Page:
The focus at Log9 is to design cell and battery technologies specifically for Indian conditions and requirements while considering the constraints we have in India in terms of materials and supply chain gaps. So, considering India-centric parameters, like extreme temperature variations, types of vehicle platforms, their usage pattern, material availability in the country, etc., we are working on cells and batteries that provide us with an edge not just in terms of technological relevance but resilience in the market. By offering B2B last-mile logistics and delivery players our batteries, which can be charged 9x faster, last 9x longer and offer 9x higher performance and safety, we are redefining the EV industry’s standards in the fight against climate change.
Most battery manufacturers aren’t working on the same lines; instead, their push is just on achieving a more extended range. And that’s why we nowadays see mishaps, like electric vehicles catching fire, because these batteries were never designed to operate in high-temperature conditions.
Let me hold you to that. In the past month, EVs catching fire and lack of R&D have been widely discussed. So, which are the key areas where are our manufacturers falling short?
Manufacturing cells in-house is the top and foremost thing that nobody in India is doing. When you don’t have your cell, you depend on another country to procure it. And when you’re procuring, are you making the right choices? And what parameters are you guided by? Many Indian companies have included NMC-based cell chemistry as the chemistry of choice for their products, which is extremely sensitive to temperature.
On the other hand, LFP and LTO, based on Log9 batteries’ cell chemistry, have been globally known to be more resilient. When developing our cells, we are, of course, taking care to make them safe and suited as per Indian requirements. Finally, when we put these cells together, the kind of cooling systems, thermal management and electronics systems that go into it collectively ensures that the battery pack is safe and provides advanced features like rapid charging, long life, etc.
In my opinion, battery manufacturers no longer have a choice now; cell manufacturing along with battery manufacturing has become a necessity. The need of the hour is to provide safe and resilient technologies in the market, and to this end, manufacturing cells in India, for India, shall go a long way.
Net-Zero is India’s ultimate goal and EVs are a part of the means to the end, however, does not check a lot of boxes for sustainability. When it is clear sustainability is the core agenda, why aren’t the EVs produced in India sustainable from the get-go? How can the outlook now be improved?
Not really, but I agree that certain choices are being made wrong. Just like the upfront cost of EVs is higher, the upfront carbon footprint is also higher, but the footprint reduces through its lifecycle with the vehicle’s running. This is because EVs must have very high utilisation to create a positive climate impact. That’s why, at Log9, all our offerings and solutions are for the commercial utilisation of electric vehicles.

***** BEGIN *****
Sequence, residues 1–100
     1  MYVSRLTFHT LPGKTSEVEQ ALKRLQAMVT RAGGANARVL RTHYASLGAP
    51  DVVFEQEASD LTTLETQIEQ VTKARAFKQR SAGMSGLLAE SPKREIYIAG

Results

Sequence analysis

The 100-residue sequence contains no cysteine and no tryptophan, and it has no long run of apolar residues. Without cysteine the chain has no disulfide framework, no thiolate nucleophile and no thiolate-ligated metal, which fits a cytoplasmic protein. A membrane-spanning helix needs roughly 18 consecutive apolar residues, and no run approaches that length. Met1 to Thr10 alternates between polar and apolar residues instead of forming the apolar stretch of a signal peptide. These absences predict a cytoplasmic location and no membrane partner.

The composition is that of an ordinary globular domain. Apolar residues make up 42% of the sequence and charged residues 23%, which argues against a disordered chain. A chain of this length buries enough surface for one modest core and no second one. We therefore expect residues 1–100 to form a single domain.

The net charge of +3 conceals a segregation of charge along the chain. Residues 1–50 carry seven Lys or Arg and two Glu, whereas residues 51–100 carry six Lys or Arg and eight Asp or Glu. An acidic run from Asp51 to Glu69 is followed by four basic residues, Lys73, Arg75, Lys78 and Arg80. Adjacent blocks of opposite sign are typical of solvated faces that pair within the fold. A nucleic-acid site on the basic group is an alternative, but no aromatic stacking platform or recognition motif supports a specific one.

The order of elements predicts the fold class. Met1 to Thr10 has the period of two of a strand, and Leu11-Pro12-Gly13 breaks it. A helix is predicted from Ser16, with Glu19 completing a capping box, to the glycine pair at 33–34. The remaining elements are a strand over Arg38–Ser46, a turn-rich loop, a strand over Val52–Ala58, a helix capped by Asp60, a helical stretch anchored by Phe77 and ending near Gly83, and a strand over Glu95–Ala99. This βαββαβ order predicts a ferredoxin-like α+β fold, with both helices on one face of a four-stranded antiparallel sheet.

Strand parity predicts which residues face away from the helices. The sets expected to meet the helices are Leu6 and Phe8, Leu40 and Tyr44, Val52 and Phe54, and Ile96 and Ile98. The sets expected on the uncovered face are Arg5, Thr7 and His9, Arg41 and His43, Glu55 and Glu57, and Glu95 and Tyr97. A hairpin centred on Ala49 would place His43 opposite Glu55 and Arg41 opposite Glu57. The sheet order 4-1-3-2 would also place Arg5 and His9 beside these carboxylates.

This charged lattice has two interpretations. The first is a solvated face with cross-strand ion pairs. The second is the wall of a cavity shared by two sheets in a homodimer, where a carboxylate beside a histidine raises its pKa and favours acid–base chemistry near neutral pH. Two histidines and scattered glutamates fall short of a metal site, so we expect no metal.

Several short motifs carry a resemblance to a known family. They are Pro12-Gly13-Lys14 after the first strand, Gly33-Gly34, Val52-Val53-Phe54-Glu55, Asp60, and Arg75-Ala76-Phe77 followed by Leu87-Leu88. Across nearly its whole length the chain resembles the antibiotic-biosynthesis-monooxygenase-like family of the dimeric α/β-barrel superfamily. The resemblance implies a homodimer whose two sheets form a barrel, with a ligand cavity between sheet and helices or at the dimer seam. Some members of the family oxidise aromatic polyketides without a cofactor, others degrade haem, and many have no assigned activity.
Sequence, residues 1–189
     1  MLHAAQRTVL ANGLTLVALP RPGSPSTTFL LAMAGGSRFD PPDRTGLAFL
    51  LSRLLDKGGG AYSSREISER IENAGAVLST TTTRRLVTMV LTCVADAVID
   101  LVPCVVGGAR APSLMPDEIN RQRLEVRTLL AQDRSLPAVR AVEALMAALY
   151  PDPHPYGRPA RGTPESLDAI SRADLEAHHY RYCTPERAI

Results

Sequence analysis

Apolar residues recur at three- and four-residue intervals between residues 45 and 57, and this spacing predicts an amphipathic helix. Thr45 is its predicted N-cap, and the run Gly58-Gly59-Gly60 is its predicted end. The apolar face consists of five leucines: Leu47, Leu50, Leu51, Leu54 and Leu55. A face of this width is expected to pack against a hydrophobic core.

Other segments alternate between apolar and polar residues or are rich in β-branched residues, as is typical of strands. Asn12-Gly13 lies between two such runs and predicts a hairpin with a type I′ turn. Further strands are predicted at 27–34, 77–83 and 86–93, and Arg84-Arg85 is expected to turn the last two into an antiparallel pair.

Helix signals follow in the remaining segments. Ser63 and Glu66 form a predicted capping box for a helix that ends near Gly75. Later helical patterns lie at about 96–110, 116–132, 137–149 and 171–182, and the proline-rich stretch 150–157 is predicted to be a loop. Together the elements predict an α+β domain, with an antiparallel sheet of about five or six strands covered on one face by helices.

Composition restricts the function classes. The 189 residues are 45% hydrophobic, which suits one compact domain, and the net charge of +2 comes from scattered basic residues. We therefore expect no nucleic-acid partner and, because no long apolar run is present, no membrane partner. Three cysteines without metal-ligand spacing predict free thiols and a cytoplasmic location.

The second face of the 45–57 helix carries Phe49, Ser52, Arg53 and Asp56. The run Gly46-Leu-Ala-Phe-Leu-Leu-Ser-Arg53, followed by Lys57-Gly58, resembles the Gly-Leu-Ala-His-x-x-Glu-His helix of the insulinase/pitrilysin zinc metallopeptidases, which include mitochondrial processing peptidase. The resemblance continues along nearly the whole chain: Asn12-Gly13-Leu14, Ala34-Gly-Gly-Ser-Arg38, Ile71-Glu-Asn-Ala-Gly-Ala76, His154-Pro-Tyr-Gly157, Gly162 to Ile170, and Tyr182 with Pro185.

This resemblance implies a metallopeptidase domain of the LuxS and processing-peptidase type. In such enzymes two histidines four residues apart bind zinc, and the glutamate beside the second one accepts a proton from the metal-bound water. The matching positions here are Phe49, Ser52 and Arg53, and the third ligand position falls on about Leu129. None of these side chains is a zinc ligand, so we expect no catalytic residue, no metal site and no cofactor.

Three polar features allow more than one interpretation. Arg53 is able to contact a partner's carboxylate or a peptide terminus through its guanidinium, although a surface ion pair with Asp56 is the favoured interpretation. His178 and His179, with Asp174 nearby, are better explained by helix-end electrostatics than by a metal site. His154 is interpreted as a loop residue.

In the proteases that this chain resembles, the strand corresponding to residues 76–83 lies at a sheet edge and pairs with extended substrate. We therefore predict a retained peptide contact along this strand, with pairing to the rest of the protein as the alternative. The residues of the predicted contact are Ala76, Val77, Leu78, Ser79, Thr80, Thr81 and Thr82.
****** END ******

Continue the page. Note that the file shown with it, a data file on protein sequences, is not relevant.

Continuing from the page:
When we’re at scale running commercial electric vehicles, whether it’s with food delivery, e-commerce delivery, etc., we can have a positive impact from day one. So, the ultimate solution here is two-fold. One, to start with pushing more and more electrification of commercial vehicles. And secondly, to improve the contribution of renewable energy on the grid, because as we have more and more renewable energy, let’s say, for example, if our Prime Minister’s dream of 500 GW of renewable energy generation is successful, then that 100,000 km. threshold (also known as the ‘green threshold’ for EVs) comes down to 35,000 kilometres, essentially making any EV greener from day one.
With other far more sustainable vehicle models coming up, such as green hydrogen, which offers better mileage/range and lesser anxiety, do you think EV as a model is here to stay?
EVs are not a temporary solution, in my opinion. Because if you look at hydrogen, when you use it, hydrogen fuel cell technology is only 30 per cent energy efficient. Whereas, if you’re charging a battery with solar power, if you have 100 units, it will be 90-95 per cent energy efficient.
The bottom line is, as far as mobility is concerned, fuel cell technologies, whether it is with hydrogen or aluminium-based technology, will only be relevant in mobility for long-haul mobility applications. Because in the short-term, it does not make economic or business sense to go with a 30 per cent efficient technology.
What are Log9’s long and short-term plans?
The long-term plan is to pioneer cell technology in India and look at the development and conditions in the domestic market. We eventually plan to scale up these technologies from the cell to battery pack level. One of the crucial challenges we’ve taken up is to ensure that global supply chains can be set up correctly. We plan to work with different parties and players to ensure they start producing materials locally.
By September this year, we will commission and scale up our cell line. On the Log9 battery packs’ front, we have already gone from 5,000-50,000 units production per year capacity, which we will be further ramping up to 300,000 units capacity by March of next year. We are happy to announce that Log9 experienced over 10x scale up in the last year and a half.